MIAMI — A federal appeals court has ruled that a Florida school district’s policy of separating school bathrooms based on biological sex is constitutional.
The 11th U.S. Circuit Court of Appeals announced its 7-4 decision on Friday, ruling that the St. Johns County School Board did not discriminate against transgender students based on sex, or violate federal civil rights law by requiring transgender students to use gender-neutral bathrooms or bathrooms matching their biological sex.
The court’s decision was split down party lines, with seven justices appointed by Republican presidents siding with the school district and four justices appointed by Democratic presidents siding with Drew Adams, a former student who sued the district in 2017 because he wasn’t allowed to use the boys restroom.
A three-judge panel from the appeals court previously sided with Adams in 2020, but the full appeals court decided to take up the case. Though his assigned gender was female at birth, Adams began the transition to become male before he enrolled in Allen D. Nease High School in Ponte Vedra Beach, just southeast of Jacksonville.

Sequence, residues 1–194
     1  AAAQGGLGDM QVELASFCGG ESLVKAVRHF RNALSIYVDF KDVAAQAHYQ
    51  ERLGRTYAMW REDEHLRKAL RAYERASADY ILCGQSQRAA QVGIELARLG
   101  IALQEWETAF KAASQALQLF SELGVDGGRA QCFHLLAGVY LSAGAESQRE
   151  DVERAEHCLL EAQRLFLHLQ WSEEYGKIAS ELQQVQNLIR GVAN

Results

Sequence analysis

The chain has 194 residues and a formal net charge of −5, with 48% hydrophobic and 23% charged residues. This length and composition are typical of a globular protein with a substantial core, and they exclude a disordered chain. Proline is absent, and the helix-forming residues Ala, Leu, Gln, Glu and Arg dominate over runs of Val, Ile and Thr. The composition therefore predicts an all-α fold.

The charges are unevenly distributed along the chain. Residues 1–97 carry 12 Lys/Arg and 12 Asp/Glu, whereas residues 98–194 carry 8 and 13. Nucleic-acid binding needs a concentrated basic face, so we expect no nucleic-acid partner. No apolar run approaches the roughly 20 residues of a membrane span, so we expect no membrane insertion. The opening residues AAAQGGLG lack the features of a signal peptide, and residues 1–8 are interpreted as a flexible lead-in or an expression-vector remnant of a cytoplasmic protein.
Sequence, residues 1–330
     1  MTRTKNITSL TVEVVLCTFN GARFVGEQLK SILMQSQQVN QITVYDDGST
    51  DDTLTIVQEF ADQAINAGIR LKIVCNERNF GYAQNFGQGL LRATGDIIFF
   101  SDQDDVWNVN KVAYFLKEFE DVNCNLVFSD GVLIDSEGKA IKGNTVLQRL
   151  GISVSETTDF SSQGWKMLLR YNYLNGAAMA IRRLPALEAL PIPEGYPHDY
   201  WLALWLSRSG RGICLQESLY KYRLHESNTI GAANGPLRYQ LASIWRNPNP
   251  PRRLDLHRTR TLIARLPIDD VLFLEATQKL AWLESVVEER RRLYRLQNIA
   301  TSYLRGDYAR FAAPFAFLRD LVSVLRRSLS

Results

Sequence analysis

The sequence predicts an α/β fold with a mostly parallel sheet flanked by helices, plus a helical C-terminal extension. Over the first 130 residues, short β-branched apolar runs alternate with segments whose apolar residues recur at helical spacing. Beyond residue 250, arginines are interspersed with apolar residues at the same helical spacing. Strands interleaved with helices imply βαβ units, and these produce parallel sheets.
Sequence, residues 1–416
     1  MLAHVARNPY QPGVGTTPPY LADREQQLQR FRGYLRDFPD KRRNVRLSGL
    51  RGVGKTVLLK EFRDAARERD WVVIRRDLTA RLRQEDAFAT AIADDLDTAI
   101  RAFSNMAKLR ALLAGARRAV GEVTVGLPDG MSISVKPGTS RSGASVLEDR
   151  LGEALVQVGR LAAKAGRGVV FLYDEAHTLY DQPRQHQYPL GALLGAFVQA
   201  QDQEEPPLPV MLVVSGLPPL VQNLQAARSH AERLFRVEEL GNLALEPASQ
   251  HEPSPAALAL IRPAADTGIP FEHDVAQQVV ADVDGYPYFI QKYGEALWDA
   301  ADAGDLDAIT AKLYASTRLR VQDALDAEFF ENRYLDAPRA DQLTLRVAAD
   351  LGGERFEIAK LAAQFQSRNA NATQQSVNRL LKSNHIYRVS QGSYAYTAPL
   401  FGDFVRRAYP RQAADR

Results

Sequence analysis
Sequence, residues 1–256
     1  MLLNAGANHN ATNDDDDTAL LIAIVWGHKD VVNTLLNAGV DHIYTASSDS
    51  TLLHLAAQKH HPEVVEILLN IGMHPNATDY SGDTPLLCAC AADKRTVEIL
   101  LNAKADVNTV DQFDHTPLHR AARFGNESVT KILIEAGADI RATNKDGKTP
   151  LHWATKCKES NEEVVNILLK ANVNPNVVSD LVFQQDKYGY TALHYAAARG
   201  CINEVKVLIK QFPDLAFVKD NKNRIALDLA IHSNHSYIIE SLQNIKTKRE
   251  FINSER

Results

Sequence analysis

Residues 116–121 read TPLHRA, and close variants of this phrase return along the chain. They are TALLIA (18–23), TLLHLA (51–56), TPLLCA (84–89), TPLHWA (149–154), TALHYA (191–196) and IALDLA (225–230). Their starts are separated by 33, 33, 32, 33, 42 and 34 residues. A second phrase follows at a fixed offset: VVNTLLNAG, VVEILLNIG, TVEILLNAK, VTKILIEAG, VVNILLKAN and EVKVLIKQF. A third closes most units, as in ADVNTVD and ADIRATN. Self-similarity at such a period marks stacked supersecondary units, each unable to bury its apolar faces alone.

Judge Barbara Lagoa wrote in the majority opinion that that the school board policy advances the important governmental objective of protecting students’ privacy in school bathrooms. She said the district’s policy does not violate the law because it’s based on biological sex, not gender identity.
Judge Jill Pryor wrote in a dissenting opinion that the interest of protecting privacy is not absolute and must coexist alongside fundamental principles of equality, specifically where exclusion implies inferiority.
Lambda Legal, a LGBTQ rights group that has been providing aid to Adams, didn’t immediately respond to a message seeking comment from The Associated Press.
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